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Scottish Seminar in Early Modern Philosophy IX

SCOTTISH SEMINAR IN EARLY MODERN PHILOSOPHY

University of Aberdeen 24-25 May 2018

The Sir Duncan Rice Library, Seminar Room 224.

Key note speakers:

Felicity Green (University of Edinburgh)

Martin Lenz (University of Groningen)

 

PROGRAMME

Thursday 24 May

9.00-9.15 Coffee and Welcome

9.15-10.00 Brenda Basilico (University of Lille III), “Music, Mathematics, and Skepticism in Mersenne’s Writings”

10.00-10.45 Margaret Matthews (Emory University, Atlanta), “The Place of Skepticism in Montaigne’s Essays.” 

10.45-11.00 Break

11.00-12.00 Key Note Speaker: Felicity Green (University of Edinburgh), “Freedom and Responsibility in Locke’s Account of Belief.”

12.00-13.30 Lunch

13.30-14.15 Raphael Krut-Landau (University of Pennsylvania), “From History to Anagogy: Scriptural Modes of Reading in Spinoza’s Ethics.”

14.15-15.00 Sanja Särman (Hong Kong University), “Don’t Know Yourself – Spinoza and Leibniz on the Advantages of Having an Infinitely Unfamiliar Mind.”

15.00-15.15 Break

15.15-16.00 James A. Harris (University of St Andrews), “Hume on political obligation: between Locke and Filmer.”

16.00-17.45 Jacob Hinze (University of St. Andrews), “Indeterminacies in Locke’s Concept of the State of Nature.” (SSEMP Essay Prize Winner, funded by the BSHP)

Friday 25 May

9.00-9.15 Coffee

9.15-10.00 David Bartha (Central European University), “Two Routes to Idealism: Collier and Berkeley.”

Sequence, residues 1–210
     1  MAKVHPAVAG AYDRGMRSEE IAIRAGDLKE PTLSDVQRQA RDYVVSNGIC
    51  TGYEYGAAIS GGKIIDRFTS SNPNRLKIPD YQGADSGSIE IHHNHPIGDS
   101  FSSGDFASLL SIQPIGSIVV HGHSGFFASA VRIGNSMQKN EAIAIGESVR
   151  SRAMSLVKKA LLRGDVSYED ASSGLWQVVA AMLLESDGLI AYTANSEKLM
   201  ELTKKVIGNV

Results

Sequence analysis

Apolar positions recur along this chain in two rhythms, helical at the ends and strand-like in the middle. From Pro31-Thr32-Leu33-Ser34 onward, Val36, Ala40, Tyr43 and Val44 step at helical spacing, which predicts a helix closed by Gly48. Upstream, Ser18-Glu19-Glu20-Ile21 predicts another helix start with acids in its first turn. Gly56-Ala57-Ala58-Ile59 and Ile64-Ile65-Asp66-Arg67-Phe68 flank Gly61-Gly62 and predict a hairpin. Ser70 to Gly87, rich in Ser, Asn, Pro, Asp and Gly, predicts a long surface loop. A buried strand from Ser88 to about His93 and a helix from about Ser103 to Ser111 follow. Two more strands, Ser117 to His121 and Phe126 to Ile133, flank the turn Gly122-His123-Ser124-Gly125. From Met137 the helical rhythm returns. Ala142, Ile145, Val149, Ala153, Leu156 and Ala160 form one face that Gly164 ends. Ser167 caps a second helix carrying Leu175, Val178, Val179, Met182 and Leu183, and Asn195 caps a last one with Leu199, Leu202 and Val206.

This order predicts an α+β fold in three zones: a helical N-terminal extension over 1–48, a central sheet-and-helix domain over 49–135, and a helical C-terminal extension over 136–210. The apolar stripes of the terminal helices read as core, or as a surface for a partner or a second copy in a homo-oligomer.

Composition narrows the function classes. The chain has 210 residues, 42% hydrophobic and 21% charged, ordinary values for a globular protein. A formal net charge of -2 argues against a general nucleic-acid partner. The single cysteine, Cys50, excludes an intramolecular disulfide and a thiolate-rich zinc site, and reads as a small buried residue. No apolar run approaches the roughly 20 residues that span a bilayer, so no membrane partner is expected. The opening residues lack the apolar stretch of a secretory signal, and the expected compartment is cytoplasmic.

10.00-10.45 Umrao Sethi (Lehman College, CUNY), “Mind-Dependence in Berkeley and the Problem of Perception.”

10.45-11.00 Break

11.00-12.00 Key Note Speaker: Martin Lenz (University of Groningen), “What does it mean to share a view? Hume on the Transmission of Mental States. “

12.00-13.30 Lunch

13.30-14.15 Dino Jakusic (University of Warwick), “Christian Wolff and the Invention of Ontology.”

14.15-15.00 Gaston Robert (King’s College London), “God, Aggregation, and the Collective Unity of All Substances: General Pre-Established Harmony Revisited.”

15.00-15.15 Break

15.15-16.00 Keith Green (East Tennessee State University), “Hatred, Moral Motivation, and ‘Normativity’ in Spinoza and Hume”

16.00-16.45 Gabriel Watts (Oriel College, Oxford), “The Curious Place of Curiosity in Hume’s Theory of the Passions.”

 

Attendance is free, but registration is mandatory. Please up on Eventbrite: Scottish Seminar in Early Modern Philosophy IX: https://www.eventbrite.com/e/scottish-seminar-in-early-modern-philosophy-ix-tickets-43171342648

 

Contact: Mogens Lærke: mogenslaerke@hotmail.com

Organisation: Beth Lord (Aberdeen); Mogens Lærke (IHRIM, CNRS, ENS de Lyon)

Funding: Scottish Philosophical Association (SPA) / British Society for the History of Philosophy (BSHP) / University of Aberdeen / IHRIM (CNRS, UMR 5317), ENS de Lyon.

 

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CFP: 5th Finnish-Hungarian Seminar in Early Modern Philosophy

Call for Papers

The Fifth Finnish-Hungarian Seminar in Early Modern Philosophy

Central European University, Budapest 28–29 May 2018